5 reasons to get back into Google Wave – with your students

google waveIf you’re anything like me, you will recall the hype surrounding Google Wave, and you will remember with excitement, the day your invite finally arrived.

I felt a bit like the cat that got the cream when I got mine, however my Wave potential was limited by the number of geeks people I could interact with (I had no invites for ages!). I felt it would be a wonderful tool for use in the classroom, but my initial lack of invites put the kibosh on that!

Fast forward 6 months and my Google Wave account was gathering virtual dust in cyberspace.

As good fortune would have it, my husband and I met up with an old friend in Bali – Werner Paetzold – from Bali International School on our holidays in April. Werner was singing the praises of Google Wave, and said he used it quite successfully with his Middle School students. There was a challenge, if ever I heard one!

He told me about the newest extensions, and also extolled the virtues of Google Wave as a conference note-taking platform. At the recent IBO conference, wireless was at something of a premium, but Werner insisted that if he opened the Wave when he had wireless, and left it open, he could happily take notes throughout the conference, and when he returned to wireless connectivity, it would sync all his notes for him.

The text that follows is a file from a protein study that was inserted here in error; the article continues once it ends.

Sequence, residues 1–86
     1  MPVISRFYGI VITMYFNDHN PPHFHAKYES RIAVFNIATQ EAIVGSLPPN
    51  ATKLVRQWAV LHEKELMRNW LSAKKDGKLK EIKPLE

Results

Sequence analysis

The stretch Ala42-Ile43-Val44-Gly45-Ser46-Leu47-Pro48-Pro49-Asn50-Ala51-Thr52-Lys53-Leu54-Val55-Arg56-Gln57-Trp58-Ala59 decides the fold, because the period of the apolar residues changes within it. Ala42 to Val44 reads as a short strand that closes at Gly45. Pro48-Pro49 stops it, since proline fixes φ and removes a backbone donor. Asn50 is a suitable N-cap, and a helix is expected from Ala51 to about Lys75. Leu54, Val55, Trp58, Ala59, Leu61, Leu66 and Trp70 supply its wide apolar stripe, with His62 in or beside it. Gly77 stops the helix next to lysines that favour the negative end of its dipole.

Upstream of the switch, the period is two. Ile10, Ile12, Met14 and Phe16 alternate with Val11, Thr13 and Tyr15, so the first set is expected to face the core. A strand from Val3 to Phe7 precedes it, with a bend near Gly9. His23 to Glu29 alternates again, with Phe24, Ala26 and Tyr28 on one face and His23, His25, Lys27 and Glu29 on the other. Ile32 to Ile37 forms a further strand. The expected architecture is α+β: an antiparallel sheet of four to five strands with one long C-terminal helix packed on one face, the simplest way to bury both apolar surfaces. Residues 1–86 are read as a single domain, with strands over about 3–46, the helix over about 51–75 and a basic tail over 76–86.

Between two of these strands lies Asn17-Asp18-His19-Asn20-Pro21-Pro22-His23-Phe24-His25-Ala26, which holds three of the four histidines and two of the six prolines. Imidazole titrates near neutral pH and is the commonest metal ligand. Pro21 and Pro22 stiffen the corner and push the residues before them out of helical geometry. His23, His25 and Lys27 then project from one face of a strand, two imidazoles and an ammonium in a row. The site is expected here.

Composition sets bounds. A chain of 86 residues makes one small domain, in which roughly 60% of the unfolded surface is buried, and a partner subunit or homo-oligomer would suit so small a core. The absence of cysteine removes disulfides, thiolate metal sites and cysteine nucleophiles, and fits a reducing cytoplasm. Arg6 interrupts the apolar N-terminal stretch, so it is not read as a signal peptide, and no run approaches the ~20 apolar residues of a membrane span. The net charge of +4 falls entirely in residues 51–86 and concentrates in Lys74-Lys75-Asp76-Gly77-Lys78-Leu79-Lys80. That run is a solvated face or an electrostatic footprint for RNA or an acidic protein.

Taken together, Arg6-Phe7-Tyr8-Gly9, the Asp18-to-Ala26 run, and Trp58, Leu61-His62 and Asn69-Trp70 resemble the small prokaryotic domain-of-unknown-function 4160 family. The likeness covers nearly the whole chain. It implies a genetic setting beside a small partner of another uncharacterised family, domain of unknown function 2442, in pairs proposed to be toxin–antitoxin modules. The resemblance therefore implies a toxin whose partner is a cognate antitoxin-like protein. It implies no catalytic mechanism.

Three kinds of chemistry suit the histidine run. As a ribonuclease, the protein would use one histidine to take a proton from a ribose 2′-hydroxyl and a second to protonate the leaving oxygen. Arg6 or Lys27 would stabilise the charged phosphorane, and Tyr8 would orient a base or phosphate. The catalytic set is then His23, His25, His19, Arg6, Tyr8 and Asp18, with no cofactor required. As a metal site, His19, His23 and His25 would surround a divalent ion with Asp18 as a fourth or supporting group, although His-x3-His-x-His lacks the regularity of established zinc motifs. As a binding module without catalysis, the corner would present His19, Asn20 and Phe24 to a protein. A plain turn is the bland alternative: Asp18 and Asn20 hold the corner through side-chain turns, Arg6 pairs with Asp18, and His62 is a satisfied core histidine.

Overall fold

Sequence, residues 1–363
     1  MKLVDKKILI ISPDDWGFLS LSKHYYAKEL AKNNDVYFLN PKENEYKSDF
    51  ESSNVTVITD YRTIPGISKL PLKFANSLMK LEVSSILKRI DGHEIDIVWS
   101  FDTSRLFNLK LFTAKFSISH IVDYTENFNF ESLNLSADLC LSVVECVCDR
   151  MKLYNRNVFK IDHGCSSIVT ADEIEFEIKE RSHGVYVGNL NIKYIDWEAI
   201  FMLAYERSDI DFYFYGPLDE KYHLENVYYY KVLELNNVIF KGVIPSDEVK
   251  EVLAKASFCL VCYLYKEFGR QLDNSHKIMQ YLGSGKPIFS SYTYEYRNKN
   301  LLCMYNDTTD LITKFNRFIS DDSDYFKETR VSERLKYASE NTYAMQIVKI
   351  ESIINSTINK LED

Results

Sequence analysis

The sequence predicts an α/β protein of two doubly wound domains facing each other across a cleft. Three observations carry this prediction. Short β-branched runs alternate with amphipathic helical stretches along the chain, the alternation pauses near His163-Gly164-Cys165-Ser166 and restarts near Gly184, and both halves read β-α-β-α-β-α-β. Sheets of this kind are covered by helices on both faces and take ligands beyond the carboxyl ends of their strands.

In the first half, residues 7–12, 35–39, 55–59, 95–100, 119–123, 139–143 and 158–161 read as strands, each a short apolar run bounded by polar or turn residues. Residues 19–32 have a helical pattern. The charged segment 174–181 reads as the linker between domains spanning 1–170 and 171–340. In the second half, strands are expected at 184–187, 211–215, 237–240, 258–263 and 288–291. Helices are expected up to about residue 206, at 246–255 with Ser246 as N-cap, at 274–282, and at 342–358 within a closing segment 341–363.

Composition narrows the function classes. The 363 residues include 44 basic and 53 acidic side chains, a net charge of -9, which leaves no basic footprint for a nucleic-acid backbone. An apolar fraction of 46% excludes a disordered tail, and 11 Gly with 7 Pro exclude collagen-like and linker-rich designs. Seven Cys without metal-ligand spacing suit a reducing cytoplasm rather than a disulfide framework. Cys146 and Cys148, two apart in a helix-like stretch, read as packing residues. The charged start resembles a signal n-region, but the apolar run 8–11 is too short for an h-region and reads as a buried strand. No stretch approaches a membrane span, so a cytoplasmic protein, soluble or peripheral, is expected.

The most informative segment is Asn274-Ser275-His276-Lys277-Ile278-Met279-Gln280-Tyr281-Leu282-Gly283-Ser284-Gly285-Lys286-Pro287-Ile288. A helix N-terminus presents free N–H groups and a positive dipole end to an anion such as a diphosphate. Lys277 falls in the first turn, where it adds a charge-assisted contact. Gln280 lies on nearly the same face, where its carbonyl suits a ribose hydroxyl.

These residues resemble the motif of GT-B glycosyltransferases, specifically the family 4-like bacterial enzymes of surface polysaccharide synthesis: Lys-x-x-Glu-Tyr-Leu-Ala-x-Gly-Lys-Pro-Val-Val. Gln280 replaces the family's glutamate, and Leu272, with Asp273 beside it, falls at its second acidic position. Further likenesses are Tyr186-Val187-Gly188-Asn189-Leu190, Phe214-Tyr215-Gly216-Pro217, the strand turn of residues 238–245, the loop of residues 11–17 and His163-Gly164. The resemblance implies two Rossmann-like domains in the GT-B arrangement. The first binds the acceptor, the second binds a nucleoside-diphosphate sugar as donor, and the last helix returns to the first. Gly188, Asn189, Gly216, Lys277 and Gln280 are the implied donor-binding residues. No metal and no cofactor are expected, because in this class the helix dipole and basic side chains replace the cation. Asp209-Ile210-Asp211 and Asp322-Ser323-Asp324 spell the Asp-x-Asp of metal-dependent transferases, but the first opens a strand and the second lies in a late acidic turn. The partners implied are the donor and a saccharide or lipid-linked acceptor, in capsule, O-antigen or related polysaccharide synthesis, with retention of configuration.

The upcoming Grade 5 PYP Exhibition sounded like the perfect opportunity to have a look at what Wave could do.

I am mentor to two groups for the Exhibition (a unit that is a really student-driven inquiry, with mentor support), so I invited one member of each group, and they subsequently used their invitations to invite the rest of their group members. I asked them to start a Wave as a way of collaboratively collecting resources and research for their Exhibition. I love the grade 5 kids, they really are a fantastic bunch, so it was no surprise that they took to Google Wave like ducks to water.


Here are 5 reasons I believe you should dust off your Google Wave account and invite your students:

1. Collaboration Google Wave allows for very easy collaboration. It is very similar to both email and instant messaging, which are mediums that are extremely familiar to the kids I work with. Adding contacts to a Wave is… well… child’s play! I asked the students to invite me to their Wave, meaning I get all the updates as they work. It is a great way of having all the students’ research in one place – a place which is easily accessible at home and at school.

2. Playback – not sure who has contributed to the Wave lately? Or keen to see how the interaction is playing out with your students? Hit Playback, and you’ll see a sped up replay of the editing to date. This is useful as a way of tracking  involvement, but also a good way to catch up if you have been invited to a Wave fairly late in the piece.

3. Real-time Editing – my students think this part of Wave is uber cool – and it IS! There is something mind-blowing about the ability to see exactly what someone else is typing the moment they press the keypad. No more waiting until a person has finished his/her sentence – you can answer a question as it is being formed.
Pretty powerful stuff. Reason number 3 leads directly into reason number 4…